A life jacket can save a life – but it can be expensive, too.
In hopes of getting more families to play safer on the water, a partnership between the local health district and a sporting-goods retailer aims to lessen that cost.
A 25 percent-off coupon is available on the Spokane Regional Health District’s website that is good at Big 5 stores in Washington and North Idaho through Sept. 30.
It’s among efforts to save lives by educating residents about water safety. More than half of drownings and submersion injuries from 2004 to 2008 occurred in July and August, according to emergency room data from Spokane hospitals.
Thirty-four percent of those ER visits occurred in July during that period, said Julie Awbrey, the health district’s water recreation program manager. Twenty-two percent occurred in August.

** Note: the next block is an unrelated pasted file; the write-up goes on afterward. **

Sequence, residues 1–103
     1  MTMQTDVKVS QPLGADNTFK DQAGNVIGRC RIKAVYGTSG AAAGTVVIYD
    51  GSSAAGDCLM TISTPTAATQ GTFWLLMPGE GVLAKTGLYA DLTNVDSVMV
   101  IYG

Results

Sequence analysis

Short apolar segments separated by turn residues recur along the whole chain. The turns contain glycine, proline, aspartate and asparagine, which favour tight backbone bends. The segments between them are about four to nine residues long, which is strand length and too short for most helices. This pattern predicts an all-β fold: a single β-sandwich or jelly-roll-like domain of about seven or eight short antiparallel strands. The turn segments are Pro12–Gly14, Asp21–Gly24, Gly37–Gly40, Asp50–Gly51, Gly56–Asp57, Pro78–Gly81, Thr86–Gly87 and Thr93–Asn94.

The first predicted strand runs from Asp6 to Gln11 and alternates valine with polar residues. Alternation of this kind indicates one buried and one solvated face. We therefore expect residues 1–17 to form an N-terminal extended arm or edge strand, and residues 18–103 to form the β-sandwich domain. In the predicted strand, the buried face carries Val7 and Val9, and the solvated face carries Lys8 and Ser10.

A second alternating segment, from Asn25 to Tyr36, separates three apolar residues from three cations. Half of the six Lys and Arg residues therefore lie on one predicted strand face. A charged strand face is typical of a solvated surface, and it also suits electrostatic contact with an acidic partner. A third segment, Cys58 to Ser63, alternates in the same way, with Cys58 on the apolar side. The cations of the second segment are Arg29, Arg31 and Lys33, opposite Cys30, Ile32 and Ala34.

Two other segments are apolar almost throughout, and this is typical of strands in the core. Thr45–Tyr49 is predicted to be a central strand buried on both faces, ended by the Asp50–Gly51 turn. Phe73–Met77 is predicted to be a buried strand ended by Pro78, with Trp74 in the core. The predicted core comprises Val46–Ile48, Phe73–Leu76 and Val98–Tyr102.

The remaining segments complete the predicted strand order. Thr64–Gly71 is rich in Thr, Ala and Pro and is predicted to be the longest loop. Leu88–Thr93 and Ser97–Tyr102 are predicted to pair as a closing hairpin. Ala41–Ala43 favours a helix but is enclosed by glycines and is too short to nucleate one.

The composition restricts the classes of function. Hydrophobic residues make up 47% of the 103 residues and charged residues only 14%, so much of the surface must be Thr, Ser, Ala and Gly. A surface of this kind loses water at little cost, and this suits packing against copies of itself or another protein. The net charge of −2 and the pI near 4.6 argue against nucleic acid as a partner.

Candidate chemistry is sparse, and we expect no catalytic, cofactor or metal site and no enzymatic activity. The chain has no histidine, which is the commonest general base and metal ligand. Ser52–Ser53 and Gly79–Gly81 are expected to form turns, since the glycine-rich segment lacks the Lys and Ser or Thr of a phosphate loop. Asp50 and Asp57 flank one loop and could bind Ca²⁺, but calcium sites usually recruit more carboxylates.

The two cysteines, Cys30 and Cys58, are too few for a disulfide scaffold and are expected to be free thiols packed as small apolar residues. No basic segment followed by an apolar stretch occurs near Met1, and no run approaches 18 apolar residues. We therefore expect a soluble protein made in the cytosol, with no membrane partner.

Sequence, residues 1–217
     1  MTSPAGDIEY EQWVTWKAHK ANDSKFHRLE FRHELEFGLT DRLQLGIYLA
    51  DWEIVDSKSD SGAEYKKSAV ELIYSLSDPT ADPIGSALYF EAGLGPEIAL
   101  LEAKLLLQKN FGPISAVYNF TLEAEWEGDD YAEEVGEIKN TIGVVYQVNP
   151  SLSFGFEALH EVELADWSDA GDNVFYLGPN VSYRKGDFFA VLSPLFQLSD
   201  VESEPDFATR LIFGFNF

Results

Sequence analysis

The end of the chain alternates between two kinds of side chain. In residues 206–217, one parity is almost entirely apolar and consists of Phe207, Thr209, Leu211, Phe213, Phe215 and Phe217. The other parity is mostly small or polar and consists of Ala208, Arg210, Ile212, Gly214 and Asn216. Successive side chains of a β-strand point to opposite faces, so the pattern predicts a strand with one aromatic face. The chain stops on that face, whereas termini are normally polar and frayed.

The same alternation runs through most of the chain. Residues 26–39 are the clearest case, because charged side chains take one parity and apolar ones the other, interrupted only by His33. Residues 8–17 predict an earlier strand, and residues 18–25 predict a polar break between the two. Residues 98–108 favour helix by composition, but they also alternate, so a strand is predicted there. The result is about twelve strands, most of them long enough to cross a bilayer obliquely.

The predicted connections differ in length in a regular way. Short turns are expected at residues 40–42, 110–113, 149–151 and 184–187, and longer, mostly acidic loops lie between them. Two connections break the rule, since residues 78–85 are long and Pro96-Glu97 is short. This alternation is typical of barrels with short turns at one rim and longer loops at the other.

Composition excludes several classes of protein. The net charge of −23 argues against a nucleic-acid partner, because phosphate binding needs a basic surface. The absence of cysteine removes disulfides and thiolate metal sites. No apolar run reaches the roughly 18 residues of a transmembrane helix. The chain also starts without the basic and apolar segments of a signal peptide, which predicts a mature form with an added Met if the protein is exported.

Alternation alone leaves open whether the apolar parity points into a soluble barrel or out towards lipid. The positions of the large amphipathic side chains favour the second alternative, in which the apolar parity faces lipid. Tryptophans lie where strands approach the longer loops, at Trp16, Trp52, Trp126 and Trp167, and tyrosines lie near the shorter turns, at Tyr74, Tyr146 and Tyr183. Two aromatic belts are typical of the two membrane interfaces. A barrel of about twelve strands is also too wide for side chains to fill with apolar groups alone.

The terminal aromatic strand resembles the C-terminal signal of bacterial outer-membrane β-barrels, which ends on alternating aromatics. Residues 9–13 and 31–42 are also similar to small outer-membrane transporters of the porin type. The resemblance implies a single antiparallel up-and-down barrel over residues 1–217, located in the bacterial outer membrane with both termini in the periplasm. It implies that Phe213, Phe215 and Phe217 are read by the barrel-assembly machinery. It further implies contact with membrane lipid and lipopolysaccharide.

“Drowning is swift and silent,” Awbrey said. “It’s not what you’d see in movies, with a lot of struggling and yelling.”
The Centers for Disease Control and Prevention lists the failure to wear a life vest as among top reasons people drown. Others include a lack of swimming lessons or ability, alcohol consumption and a lack of supervision.
Among people 17 and younger in Washington, drowning is the second-leading cause of death caused by an accidental injury. While children can drown in as little as 2 inches of water – a bucket, a wading pool – most children who drowned did so in open water.
When choosing a life jacket, Awbrey said, first check for a label indicating the jacket is Coast Guard-approved. Then try it on, checking for a snug fit. Jackets for younger children should have a head support and a strap between the legs.